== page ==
The Ultimate Blog Post

Friday, May 12, 2023

I have thought about writing this post for a long time - it has floated up in my psyche occasionally, on and off, for months now. Honestly, I probably needed to write it a bit sooner, but I just wasn’t ready yet.

I started this blog back in something like 2011 (I am choosing not to go back and check… I don’t really want to ^^;), and I was so excited to be receiving books for review, taking part in book judging and prizes, and starting to talk to other people online about books. As the years have gone on, I’ve dabbled in lots of different roads of book promotion and content - YouTube, Instagram… But I always kept this blog, too, because it was actually my preferred form of gushing about books for a lot of that time.

I also began writing about my chronic illnesses - the things I experience, and suggestions for other spoonies who might be feeling a little lost and confused about how to just *exist* whilst also being chronically ill. I wrote about tea that I was trying, kpop, nature, and my life in general. In many ways, this blog holds a huge chunk of myself - me in my twenties, mostly, and all the things I experienced.

But so much has changed. I’ve changed a lot, too, which is maybe the most surprising thing. Or perhaps I should say that I finally understand myself enough to realise that this blog just doesn’t fit who I am anymore. It shows a part of me that I have moved on from, and now I feel like I need to take the last plunge.

I’m going to stop reviewing books - I’ve been getting less of them to review, anyway, over the years, and I just find that I don’t have the passion for it anymore. A couple of years ago I gave myself permission to not write anything about books I was reading that *weren’t* review books, and for some I don’t even give a star rating. Ultimately, when I’m reading something to review it, it changes my reading experience. And it’s not a feeling I enjoy anymore. 

I still love books and reading and literature in general - oh my goodness, yes, I do. I still read a lot, even when I’m not able to review things or post about them on here or on social media. Books are such a huge part of my identity, and I think that’s why this post has been so hard to approach - this decision, too. Who am I if I don’t review books? Who am I if I don’t receive books to review, contact publishers, look through catalogues, think about whether I want to make a booktube video, or a bookstagram post? It’s honestly terrifying for me to think about.

A part of me does know that I’ve been somewhat moving away from that identity for years now, and that, to be honest, people will probably always think of me as ‘bookish’ even if I’m not doing anything other than reading what I want to read. But, another part of my identity - being sick - kind of warps things a little bit. You see, people tend to ask you this really difficult and awkward question when you first meet them: ‘what do you do for a living?’ or something along those lines. And I don’t work - I *can’t* work. And a lot of people cannot or will not understand that. So it’s always been nice to have that in my back pocket - ‘oh, I review books that publishers send me’. It changes the look of shock and horror on people’s faces (‘how do I relate to this *sick* person who *doesn’t work*?’) to one of relief, and often a small return of confidence (‘oh we can talk about books! so they *do* do something with themselves’). And I am still a recovering people pleaser and hate making people uncomfortable, even if, actually, the discomfort is all their own making and nothing to do with me, really.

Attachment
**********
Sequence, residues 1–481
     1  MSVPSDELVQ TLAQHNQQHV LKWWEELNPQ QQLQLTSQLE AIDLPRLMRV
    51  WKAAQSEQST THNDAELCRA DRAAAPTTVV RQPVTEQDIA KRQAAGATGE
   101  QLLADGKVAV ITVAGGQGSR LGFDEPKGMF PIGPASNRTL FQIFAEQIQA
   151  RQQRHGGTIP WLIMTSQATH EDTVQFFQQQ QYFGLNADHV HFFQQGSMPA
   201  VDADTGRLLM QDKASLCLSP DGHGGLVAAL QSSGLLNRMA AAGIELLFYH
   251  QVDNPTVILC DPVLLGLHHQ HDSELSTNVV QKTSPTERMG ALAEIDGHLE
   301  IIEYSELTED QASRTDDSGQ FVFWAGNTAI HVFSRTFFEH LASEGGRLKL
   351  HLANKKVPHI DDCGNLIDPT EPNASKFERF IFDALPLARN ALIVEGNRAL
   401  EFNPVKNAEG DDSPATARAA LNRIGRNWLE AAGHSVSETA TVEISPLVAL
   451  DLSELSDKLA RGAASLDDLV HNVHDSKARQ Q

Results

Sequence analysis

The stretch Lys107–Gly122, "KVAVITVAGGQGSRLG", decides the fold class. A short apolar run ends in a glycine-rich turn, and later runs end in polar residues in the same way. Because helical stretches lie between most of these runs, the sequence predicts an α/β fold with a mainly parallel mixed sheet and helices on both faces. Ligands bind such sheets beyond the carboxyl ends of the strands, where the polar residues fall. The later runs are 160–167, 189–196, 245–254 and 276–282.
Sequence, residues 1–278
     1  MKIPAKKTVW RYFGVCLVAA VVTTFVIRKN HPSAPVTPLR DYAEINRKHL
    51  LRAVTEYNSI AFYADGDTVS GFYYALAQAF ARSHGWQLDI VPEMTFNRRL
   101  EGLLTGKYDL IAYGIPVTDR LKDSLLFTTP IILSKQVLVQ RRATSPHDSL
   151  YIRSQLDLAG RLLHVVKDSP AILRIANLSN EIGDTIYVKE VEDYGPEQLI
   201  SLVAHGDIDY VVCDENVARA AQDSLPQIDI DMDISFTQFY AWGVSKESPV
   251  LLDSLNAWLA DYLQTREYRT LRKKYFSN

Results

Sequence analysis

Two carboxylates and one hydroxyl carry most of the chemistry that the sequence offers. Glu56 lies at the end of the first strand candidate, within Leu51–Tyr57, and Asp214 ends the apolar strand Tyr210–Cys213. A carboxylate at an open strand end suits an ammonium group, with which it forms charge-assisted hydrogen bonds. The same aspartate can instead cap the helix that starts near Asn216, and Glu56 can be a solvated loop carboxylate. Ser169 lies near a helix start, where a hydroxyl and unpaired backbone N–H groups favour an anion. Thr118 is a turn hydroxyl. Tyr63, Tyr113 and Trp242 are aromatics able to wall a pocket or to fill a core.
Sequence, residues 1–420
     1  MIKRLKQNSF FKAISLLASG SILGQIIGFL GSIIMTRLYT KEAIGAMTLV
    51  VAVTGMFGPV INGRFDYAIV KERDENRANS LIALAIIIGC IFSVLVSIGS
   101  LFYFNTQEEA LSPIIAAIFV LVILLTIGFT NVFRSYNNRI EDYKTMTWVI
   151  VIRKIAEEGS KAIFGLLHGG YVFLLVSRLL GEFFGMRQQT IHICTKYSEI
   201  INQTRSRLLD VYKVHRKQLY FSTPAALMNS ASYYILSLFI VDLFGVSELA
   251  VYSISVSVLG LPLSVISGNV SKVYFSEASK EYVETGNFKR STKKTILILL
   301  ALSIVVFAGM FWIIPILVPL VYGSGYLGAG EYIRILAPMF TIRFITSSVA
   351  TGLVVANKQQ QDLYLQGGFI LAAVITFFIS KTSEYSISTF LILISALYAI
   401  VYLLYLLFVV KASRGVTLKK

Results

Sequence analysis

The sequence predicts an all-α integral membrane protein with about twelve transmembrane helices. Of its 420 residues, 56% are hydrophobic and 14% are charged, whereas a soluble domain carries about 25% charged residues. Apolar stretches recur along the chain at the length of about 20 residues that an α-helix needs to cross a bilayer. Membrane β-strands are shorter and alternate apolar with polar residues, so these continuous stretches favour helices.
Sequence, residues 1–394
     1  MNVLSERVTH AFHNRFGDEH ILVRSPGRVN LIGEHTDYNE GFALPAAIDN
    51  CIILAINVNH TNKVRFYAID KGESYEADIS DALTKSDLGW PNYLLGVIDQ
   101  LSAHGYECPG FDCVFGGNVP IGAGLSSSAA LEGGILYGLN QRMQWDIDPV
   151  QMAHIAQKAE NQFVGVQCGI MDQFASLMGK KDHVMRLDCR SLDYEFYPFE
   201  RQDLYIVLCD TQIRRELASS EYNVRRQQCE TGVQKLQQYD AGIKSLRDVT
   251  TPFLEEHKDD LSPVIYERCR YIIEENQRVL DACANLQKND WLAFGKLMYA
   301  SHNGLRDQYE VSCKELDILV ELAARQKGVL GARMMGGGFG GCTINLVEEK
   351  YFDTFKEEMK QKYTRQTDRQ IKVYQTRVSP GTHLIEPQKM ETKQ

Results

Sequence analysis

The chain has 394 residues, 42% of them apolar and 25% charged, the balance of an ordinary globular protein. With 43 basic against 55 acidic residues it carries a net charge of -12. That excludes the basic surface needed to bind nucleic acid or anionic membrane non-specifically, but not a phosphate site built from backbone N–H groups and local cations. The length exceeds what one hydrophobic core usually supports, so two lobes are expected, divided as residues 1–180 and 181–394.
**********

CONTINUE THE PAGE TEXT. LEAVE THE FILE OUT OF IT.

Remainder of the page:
But to take that away… It scares me. But I’m still going to do it. I’ve realised that this is not the life I want for myself, and I’ve started to wonder what my life will look like if I don’t have that pressure there of ‘I have all these books waiting for me to review them, and all these emails waiting for a response, and I *don’t want to read any of it*’. A lot of people might think that I don’t need to be putting so much weight on this decision, or writing such a long blog post to explain it all out. Maybe they’ll think that I can just review books still, keep accepting them, but just put less emphasis on it in my life? That’s what *they* would do. (Maybe? I don’t know. These hypothetical people are ones that might just exist in my head XD) And I just don’t think I work that way - not anymore, anyway. My illnesses take up a lot of my life, and any energy I have to spare is often spent on doing chores or maintaining relationships. So to have that extra strain, even if it’s quite small, is just too much. I don’t want to do it anymore. Or, not like this, anyway.

What does that mean for this blog? This will be my last post. I’m going to probably leave it here, as I don’t think I have the energy to delete all the posts I’ve made. I hope past-me hasn’t given out horrible advice in any of the posts… I will also be privating my YouTube videos again (there are only a couple available to watch right now, so I’ll probably private those, I’m not sure yet.). I may even be deleting my bookstagram account. Social media is sometimes helpful to me, but lately I’ve just really needed to not be on there very much at all. Like the review books I have left to read, it just takes up some mental real estate that I can’t afford to be doing without.

What’s next for me? Honestly… I’m not entirely sure. I’ll extricate myself from the little bookish home I’ve set up on the internet, probably. I’ll keep reading, but only what I want to be reading now, and I might have a shelf clear-out. I’ll watch and see what this means for me, how it feels. I’m going to figure out what I want to be doing with any extra energy I have, and I’m going to take steps towards doing it. I may start a new blog - one that reflects who I am now a little bit better.

Either way, if you read this post, and you’ve enjoyed my reviews or posts in the past, I just want to say thank you. I haven’t had many commenters on my posts, but lots of views. The most popular posts still surprise me. It feels weird to say this but - thanks for lurking. It has meant a lot. I might catch you on some other part of the internet.

Love to all who read.